HJ: Between West Point, graduating from Ranger School, and serving as an infantry officer overseas I imagine you’ve had quite a bit of leadership training and experience. Does any of that carry over into running your own small business?
Nick: Yeah, absolutely. I think the military is the absolutely the best training ground to be an entrepreneur. You know, as most people in the military know, that military leadership is not what civilians think it is. It’s not just some dude standing on the hill barking orders and everyone just listening to him. You know, it’s a bunch of guys in weird situations they have never been in before trying to solve problems; sometimes the problems are the obvious ones like there are bad guys shooting at us but most of the times, the problems are weird things like, “these people don’t have water, these people don’t have electricity, these people need food, these people need this, these people need that” and you’re solving problems that have nothing to do with the military job but in order for the mission to be successful you have to solve these problems. So you start learning things on the fly, you start figuring things out.
An example that I always use is when I was part of one of the first missions to Kosovo, we got there and we were in an embalming station guarding this church and the first time it rained, it started raining rat feces on top of us because the roof had holes in it and there were rats in the top roof of this building. Well that sucked obviously, no one wants rat feces raining on top of them.
So the next day, my platoon sergeant and I went and figured out how to fix a roof. And it was probably the crappiest roof fixing job of all time, it involved plastic, caulk, plywood, you know, whatever but at the end of it we had vacuumed out all the rats that were inside this roof and we had coated this thing so that when it rained, it no longer rained on top of us and we improved that roof over the course of the deployment over and over again. That’s weird. That’s not something that’s taught in Infantry Basic. It’s really hard to explain to people. It’s just the kind of thing that happens on deployment. It’s the kind of things that happens to units all the time. Even when you’re training, you’re doing weird things like that. But it’s by being flexible and focusing on the immediate problem that a unit succeeds, regardless of what it is.
Business is the same way. In the military, we focus on solving problems regardless of how impossible they are, we always take care of the things that need to be taken care of first. We prioritize. One of the hardest things to do when you go into business is you have 400 things you need to do, but in order for a business to be able to survive you have to figure out what missions are critical and you need to find ways to solve them, and sometimes its super easy and you just have to put in the leg work and sometimes it’s incredibly complicated and you need to the whole team to figure it out. But that mentality is what keeps a business moving forward, it’s what keeps a business growing, keeps the business changing and there’s no place that does that better than the military. Because the military puts us in absurd situations that you can’t replicate anywhere else.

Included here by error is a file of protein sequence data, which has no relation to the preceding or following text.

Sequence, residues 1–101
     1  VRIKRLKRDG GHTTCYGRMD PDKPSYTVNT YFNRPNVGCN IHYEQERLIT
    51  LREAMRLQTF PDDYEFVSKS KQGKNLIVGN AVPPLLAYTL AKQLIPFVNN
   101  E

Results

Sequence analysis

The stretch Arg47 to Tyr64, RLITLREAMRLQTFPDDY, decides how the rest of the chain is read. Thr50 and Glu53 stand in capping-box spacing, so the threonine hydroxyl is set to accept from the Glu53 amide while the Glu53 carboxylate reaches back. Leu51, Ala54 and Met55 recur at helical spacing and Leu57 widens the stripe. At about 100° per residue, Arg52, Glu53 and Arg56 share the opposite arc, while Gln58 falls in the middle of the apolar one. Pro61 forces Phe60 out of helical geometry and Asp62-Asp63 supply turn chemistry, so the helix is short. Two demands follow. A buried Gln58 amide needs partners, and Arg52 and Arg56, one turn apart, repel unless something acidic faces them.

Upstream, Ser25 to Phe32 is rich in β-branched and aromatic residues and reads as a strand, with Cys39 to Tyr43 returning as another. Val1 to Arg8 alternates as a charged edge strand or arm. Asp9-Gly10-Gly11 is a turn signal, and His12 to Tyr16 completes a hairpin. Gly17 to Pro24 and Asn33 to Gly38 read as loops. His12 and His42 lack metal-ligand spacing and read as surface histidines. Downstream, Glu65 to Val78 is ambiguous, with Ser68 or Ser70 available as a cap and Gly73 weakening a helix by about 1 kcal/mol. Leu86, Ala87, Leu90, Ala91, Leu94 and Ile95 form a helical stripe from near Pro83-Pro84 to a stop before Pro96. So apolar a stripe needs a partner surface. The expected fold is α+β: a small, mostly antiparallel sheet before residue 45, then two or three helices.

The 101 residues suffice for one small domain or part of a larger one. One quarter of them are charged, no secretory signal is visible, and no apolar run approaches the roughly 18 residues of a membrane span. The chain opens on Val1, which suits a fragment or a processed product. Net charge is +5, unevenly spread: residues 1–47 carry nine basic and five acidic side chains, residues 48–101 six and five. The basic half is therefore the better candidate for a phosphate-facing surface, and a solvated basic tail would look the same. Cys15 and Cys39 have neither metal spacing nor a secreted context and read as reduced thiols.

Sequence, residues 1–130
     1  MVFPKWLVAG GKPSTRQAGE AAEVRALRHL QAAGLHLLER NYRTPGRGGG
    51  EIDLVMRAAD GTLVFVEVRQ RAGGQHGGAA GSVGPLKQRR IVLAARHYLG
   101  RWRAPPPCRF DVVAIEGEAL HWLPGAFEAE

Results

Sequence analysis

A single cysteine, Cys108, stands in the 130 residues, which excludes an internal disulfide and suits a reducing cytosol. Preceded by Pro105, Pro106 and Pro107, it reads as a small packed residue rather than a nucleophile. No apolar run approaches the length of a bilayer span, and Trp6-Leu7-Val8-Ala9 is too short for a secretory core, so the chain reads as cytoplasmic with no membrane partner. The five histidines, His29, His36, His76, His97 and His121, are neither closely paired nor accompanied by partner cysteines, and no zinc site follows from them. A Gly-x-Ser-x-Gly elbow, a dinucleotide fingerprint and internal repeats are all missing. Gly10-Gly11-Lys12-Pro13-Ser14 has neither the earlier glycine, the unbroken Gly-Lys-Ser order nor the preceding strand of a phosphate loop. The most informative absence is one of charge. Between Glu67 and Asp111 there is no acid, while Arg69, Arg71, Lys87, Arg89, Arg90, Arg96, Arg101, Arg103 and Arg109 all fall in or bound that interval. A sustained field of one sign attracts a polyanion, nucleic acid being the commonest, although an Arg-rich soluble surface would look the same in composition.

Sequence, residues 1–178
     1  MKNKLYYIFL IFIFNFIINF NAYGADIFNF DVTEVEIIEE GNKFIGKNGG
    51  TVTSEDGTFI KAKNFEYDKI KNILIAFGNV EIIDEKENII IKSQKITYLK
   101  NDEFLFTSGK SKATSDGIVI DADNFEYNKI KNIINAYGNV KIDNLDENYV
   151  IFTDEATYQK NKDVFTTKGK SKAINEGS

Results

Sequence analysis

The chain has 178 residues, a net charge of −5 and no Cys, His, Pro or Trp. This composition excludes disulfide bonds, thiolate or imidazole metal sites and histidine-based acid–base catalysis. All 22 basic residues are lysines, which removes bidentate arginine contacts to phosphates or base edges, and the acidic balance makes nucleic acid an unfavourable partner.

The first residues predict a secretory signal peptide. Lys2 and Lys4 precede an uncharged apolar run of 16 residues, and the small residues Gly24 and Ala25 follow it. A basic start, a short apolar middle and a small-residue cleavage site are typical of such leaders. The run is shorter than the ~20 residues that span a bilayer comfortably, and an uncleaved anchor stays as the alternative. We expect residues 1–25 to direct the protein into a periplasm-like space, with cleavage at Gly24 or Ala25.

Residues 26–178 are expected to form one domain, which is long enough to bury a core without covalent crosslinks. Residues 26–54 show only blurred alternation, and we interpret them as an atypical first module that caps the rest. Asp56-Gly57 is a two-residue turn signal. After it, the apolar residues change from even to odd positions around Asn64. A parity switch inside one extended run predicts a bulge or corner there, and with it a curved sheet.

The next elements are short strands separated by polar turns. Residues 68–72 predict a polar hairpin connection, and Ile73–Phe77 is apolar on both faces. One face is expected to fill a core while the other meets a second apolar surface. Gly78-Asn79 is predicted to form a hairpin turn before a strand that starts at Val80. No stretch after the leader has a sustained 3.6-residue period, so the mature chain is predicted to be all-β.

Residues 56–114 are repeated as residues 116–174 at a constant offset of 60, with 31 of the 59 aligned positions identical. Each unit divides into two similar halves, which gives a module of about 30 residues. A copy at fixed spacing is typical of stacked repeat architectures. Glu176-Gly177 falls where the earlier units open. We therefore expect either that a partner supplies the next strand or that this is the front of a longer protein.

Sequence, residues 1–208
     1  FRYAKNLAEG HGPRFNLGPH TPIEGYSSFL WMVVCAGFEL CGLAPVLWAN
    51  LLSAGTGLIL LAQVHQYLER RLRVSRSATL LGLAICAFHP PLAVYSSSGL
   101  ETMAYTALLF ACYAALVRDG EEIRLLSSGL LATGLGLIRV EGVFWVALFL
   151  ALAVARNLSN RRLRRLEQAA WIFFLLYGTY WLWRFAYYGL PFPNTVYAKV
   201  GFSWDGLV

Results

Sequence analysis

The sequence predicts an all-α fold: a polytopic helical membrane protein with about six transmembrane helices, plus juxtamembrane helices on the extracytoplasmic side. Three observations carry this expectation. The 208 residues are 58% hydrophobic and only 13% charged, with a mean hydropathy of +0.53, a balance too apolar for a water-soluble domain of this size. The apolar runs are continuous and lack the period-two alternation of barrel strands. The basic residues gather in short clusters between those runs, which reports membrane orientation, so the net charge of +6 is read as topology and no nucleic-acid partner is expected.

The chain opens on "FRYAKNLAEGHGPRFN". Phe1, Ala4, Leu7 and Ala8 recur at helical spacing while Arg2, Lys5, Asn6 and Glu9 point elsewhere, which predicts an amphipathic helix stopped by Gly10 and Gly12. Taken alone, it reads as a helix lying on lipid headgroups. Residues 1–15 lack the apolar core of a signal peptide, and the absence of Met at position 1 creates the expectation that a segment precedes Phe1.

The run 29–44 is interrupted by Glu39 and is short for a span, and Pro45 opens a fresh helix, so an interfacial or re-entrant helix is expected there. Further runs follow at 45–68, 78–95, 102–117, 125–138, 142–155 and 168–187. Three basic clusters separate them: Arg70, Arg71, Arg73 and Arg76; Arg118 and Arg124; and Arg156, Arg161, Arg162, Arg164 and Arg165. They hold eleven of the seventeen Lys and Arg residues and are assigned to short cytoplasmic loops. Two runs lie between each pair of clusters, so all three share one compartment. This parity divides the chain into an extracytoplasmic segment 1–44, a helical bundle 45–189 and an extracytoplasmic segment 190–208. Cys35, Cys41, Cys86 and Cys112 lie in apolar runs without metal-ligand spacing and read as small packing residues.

HJ: That makes a lot of sense to me. A lot of veterans internalize that “can do” spirit, and the sense of “just get it done.” So how did being a veteran affect starting your company? How different is it being a civilian leader as opposed to a military leader?
Nick: That’s kind of a hard question for me to answer because I have never been a civilian entrepreneur. I will tell you that I’m not one of these smart people that figures out all of the different things that is available for you through the government for veterans or any of that stuff. I didn’t even know it existed; I never used any of it. I’m sure it could have made my life easier with a little research in that area. The only thing that I will say is no matter how bad it got, the military gave me perspective.
So you know, when I had $1300 to my name and it felt like the world was crashing down, I looked around thought “Eh, you know what? I’ve got a roof over my head, I’m going to eat tonight, I’ve got friends if things really go wrong. This isn’t that bad, It sucks that I don’t have money like I did before, it sucks that things aren’t going the way I want them to but let me put this in perspective: some of my friends are in Iraq right now, some of my friends are in Afghanistan right now—they’re having a harder time than I’m having. I just need to suck it up and suffer a little while longer and figure out how to solve the problem.” I always had that in my back pocket and that always calmed me down because no matter who you are or no matter what you’re doing, whatever problem is in front of you–it is your entire world unless you can take a step back and build perspective around it.
So nowadays it’s a lot easier for me to handle even the biggest challenges. Half-a-million-dollar problems? I can still solve that problem because I have so many iterations of taking a step back and figuring out what are the levers I can pull. What are the things I can do? It’s something that entrepreneurs that have been in the game for a while know how to do. They know their business, they know what makes their business work, they know what makes their business not work. You stay calm when things are bad, and you just systematically work through everything until its good again.
Next: “Good Products, Good People”